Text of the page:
Legionnaires' disease outbreak investigation toolbox

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Information for Owners and Managers of Hotels and Other Accommodation Sites: Minimising the Risk


Around 870 cases of travel associated legionnaires' disease in European residents were reported to the European surveillance scheme in 2008. The risk from Legionnaires' disease can be reduced by careful attention to a number of simple measures. This page contains summary information for site owners and hotel managers and also provides links to other relevant resources.

What is Legionnaires' disease?

An uncommon form of pneumonia (lung infection) from which approximately 5-15% of those that become ill will die. It is caused by Legionella bacteria. These bacteria can also cause less serious illness. The infected person usually takes between 2-10 days to develop symptoms (typically five to six days but very rarely some cases may take two to three weeks to develop symptoms).

The illness usually starts with a fever, chills, headache and muscle pain. This is followed by a dry cough and breathing difficulties that may progress to severe pneumonia. About 30% of those infected will also have diarrhoea or vomiting and about 50% become confused or delirious.

Accurate diagnosis requires specific laboratory tests that often are not done until the guests have returned home.

How is Legionnaires' disease caught?

Legionnaires' disease is caught by breathing in air containing the Legionella bacteria. The bacteria are in small, invisible water droplets (aerosols). Aerosols can be formed whenever fine droplets are generated from contaminated water. In hotels with no effective legionella control programme this may be from running a tap or shower, flushing a toilet, or from bubbles rising through water in a spa pool. The bacteria, which also live naturally in the environment, can live and multiply in water at temperatures of 20°C to 45°C and high numbers occur in inadequately maintained man-made water systems.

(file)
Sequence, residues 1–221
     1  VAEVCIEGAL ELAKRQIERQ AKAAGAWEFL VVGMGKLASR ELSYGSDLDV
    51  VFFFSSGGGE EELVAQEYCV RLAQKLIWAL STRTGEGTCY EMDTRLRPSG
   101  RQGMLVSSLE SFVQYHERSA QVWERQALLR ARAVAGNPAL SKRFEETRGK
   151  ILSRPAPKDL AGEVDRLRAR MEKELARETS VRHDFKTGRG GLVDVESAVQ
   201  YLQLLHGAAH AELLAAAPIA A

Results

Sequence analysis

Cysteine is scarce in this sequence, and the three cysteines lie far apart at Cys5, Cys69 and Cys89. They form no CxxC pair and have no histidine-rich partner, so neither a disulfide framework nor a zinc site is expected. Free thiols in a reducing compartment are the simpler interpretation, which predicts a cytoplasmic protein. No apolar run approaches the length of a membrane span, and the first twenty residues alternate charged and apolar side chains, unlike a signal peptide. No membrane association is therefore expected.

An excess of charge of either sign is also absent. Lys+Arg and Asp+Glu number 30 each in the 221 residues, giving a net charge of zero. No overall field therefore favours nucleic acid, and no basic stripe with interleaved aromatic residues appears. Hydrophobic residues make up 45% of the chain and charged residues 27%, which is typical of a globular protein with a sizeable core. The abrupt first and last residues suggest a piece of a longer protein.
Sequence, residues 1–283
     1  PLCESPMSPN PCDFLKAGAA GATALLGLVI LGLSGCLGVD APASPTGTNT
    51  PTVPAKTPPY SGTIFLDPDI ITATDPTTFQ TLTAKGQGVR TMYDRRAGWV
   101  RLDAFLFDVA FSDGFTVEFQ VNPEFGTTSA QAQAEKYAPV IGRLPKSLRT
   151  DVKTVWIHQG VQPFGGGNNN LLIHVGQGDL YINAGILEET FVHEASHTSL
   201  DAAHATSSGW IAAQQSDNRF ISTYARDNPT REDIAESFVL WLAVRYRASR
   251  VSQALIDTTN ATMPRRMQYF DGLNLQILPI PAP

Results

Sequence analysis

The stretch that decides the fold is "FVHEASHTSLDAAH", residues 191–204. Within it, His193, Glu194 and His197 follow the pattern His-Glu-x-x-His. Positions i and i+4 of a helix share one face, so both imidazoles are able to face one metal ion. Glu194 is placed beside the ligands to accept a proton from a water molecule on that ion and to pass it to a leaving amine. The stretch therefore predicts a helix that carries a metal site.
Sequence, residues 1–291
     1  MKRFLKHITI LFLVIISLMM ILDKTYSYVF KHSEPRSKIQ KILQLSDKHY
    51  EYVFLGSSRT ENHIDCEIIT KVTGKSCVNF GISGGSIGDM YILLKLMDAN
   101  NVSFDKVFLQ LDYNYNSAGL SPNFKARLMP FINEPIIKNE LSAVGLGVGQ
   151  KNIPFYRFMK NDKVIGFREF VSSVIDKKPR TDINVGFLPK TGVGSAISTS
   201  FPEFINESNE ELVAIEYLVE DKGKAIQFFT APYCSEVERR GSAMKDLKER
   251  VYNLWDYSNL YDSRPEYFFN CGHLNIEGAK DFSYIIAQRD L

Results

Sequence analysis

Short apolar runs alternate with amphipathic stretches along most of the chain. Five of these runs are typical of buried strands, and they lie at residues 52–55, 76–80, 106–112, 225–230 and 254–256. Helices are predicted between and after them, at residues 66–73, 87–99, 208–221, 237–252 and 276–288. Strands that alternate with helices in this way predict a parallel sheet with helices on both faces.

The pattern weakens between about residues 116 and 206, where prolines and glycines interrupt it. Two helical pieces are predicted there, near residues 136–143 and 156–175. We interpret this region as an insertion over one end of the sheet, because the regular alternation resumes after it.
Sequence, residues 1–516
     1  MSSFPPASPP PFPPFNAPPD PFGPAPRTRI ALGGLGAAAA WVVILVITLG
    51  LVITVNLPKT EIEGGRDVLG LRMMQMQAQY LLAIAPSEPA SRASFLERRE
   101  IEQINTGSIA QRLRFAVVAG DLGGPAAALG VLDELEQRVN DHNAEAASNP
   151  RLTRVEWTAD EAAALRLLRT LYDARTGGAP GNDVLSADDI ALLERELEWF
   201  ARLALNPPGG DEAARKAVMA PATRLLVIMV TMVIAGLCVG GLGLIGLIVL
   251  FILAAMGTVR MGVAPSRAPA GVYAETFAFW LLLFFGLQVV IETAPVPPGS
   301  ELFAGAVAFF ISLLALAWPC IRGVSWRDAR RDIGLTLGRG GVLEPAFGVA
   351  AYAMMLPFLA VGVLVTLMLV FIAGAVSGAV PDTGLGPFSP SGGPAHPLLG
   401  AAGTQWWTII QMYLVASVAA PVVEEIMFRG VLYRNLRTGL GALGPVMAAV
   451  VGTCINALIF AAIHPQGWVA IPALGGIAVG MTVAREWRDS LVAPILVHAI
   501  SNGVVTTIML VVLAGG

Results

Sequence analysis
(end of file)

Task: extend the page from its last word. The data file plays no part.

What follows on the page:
Is the hotel the source of infection?

When travel associated cases of Legionnaires' disease are forwarded by ECDC to the country of infection, the report never implies that the patient got their infection from the hotel at which they stayed because they could have got their infection from a variety of different places. However, when it is discovered that two or more cases have stayed at the same accommodation, especially within a short period of time (such as within two to four weeks), it increases the probability that the source might be linked to it. In this situation, urgent investigations at the accommodation site are expected to be carried out that will help to answer this question.

Most hotels are aware of the risk of Legionnaires' disease and have taken measures to prevent this risk as much as possible.

Where are the risk areas in a hotel?

Wherever water droplets (aerosols) can be created there is a risk of infection e.g.:

• Showers and taps

• Spa baths and whirlpool baths

• Turkish baths and saunas

• Cooling towers and evaporative condensers used for air conditioning, even if situated on the roof or in the grounds

• Ornamental fountains, particularly indoors

• Humidified food displays

Where can Legionella bacteria multiply?

• Hot and cold water tanks / cisterns

• Warm water between 20°C and 45°C

• Pipes with little or no water flow (this includes unoccupied rooms)

• In slime (biofilm) and dirt on pipe and tank surfaces